24th October 2013
While a great deal of attention has been paid to the content of the substantive rules governing the treatment of foreign investors and procedural aspects of investor-state arbitration, less attention has been given to the economic and financial aspects underpinning the system and how these factors may affect its operation. It is these economic and financial aspects which will form the focus of the meeting.
The first panel will consider the question of the costs of arbitration: the cost of arbitral institutions, fees of arbitrators and counsel, the allocations of costs in arbitral awards and the considerations that should be factored in when making such decisions.
The second panel will look at the debate with respect to third-party financing of claims. While third-party funding has fast become a way of life for lawyers involved in the investor-state system, real issues remain regarding the effect third-party funding can have on actors' incentives and on measures that might be taken to regulate the use of such funding, even if it is not altogether eliminated.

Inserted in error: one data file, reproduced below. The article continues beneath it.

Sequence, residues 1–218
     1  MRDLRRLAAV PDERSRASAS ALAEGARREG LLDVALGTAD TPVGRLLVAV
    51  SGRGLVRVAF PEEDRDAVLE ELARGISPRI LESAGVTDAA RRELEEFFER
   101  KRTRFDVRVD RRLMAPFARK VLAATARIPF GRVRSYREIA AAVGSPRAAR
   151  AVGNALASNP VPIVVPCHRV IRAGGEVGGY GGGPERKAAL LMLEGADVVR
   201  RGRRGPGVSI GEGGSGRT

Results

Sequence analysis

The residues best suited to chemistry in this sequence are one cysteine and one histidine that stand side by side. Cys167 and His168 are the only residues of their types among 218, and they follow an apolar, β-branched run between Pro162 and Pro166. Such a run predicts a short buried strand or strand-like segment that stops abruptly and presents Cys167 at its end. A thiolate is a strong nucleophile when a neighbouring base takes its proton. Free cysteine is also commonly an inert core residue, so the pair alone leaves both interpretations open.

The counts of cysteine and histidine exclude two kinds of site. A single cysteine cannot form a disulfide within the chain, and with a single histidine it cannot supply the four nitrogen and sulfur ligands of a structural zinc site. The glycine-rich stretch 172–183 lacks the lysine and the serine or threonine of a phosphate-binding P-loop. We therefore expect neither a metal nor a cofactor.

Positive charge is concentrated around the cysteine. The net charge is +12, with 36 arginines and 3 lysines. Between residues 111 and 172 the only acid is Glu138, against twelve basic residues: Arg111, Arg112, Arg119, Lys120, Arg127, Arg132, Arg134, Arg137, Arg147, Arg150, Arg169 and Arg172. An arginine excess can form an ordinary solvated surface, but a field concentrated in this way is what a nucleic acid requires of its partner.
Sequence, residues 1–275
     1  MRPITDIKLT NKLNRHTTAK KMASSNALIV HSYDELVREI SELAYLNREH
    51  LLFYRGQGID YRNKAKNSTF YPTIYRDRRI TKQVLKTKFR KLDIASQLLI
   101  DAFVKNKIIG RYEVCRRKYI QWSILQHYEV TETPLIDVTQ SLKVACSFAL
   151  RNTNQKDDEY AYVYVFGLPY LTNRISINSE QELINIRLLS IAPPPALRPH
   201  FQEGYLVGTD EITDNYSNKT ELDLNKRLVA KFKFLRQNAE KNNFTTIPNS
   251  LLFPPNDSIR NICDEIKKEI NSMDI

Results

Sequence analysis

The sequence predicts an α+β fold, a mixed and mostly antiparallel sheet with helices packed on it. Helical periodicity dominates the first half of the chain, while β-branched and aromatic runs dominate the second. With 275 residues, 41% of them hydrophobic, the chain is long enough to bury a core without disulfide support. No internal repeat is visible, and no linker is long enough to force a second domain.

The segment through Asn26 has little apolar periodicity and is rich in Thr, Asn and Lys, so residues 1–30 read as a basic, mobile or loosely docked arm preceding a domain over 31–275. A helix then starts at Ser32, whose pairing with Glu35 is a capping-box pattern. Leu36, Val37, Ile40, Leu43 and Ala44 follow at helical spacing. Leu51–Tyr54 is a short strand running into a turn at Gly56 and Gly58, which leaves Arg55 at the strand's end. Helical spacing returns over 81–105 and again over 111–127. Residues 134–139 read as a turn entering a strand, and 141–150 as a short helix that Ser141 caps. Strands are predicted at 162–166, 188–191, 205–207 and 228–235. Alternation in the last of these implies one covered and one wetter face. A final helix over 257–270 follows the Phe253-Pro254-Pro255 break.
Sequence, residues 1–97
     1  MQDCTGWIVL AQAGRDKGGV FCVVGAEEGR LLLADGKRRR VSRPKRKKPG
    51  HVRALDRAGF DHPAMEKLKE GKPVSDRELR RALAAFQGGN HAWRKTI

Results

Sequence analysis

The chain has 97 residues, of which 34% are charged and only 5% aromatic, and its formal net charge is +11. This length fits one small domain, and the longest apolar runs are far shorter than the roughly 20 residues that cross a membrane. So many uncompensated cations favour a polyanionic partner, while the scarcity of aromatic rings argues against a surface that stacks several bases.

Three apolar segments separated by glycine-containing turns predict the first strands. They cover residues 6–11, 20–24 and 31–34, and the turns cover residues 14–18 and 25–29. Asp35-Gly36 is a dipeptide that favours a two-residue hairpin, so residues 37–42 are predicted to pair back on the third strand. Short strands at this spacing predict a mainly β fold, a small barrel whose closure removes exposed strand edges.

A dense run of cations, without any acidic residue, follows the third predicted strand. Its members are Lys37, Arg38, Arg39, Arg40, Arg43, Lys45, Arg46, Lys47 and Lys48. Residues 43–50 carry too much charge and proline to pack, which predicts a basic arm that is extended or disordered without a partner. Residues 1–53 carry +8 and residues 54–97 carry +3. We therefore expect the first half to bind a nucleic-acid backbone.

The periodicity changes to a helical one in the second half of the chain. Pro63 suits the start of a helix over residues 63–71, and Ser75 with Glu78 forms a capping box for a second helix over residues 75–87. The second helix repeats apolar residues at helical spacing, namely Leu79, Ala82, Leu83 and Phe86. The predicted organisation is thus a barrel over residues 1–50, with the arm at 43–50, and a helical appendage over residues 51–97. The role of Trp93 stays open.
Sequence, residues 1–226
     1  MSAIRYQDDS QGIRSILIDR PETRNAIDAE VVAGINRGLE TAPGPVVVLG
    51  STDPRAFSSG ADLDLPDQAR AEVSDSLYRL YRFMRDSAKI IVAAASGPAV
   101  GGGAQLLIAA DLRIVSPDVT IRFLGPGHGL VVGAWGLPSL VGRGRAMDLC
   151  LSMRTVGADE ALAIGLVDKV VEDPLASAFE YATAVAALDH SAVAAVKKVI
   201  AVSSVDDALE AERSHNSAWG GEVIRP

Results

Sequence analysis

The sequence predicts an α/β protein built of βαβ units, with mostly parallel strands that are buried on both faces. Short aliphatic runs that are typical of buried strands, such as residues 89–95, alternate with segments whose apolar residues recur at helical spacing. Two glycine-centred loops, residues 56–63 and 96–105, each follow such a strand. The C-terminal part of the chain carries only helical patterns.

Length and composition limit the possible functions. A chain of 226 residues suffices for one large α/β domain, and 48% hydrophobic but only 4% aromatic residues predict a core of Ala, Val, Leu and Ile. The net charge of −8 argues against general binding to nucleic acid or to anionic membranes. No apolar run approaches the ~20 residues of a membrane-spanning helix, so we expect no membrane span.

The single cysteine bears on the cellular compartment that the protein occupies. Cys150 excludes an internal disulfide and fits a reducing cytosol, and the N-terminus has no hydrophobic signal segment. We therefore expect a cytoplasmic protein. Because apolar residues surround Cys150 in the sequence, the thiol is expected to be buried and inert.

The third panel will look at systemic issues, asking whether a system organized around the resolution of privately financed claims is likely to achieve wider economic and political goals or whether a system by which one may seek ad hoc annulment as of right is likely to lead to create incentives for expeditious dispute settlement.
This event is accredited with 6 CPD hours.
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BIICL has recently worked with the German public body, the Gesellschaft fur internationale Zusammenarbeit (GIZ) on a collective redress project....